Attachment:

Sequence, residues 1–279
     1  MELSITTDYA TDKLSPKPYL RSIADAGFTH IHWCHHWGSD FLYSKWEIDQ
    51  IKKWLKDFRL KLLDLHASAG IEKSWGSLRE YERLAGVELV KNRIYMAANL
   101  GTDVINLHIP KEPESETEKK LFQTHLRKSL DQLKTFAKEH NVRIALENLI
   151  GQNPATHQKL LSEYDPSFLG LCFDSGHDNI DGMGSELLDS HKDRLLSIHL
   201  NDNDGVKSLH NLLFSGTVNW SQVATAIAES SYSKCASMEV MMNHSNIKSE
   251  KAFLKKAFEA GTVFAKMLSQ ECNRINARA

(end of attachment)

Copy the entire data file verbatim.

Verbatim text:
Sequence, residues 1–279
     1  MELSITTDYA TDKLSPKPYL RSIADAGFTH IHWCHHWGSD FLYSKWEIDQ
    51  IKKWLKDFRL KLLDLHASAG IEKSWGSLRE YERLAGVELV KNRIYMAANL
   101  GTDVINLHIP KEPESETEKK LFQTHLRKSL DQLKTFAKEH NVRIALENLI
   151  GQNPATHQKL LSEYDPSFLG LCFDSGHDNI DGMGSELLDS HKDRLLSIHL
   201  NDNDGVKSLH NLLFSGTVNW SQVATAIAES SYSKCASMEV MMNHSNIKSE
   251  KAFLKKAFEA GTVFAKMLSQ ECNRINARA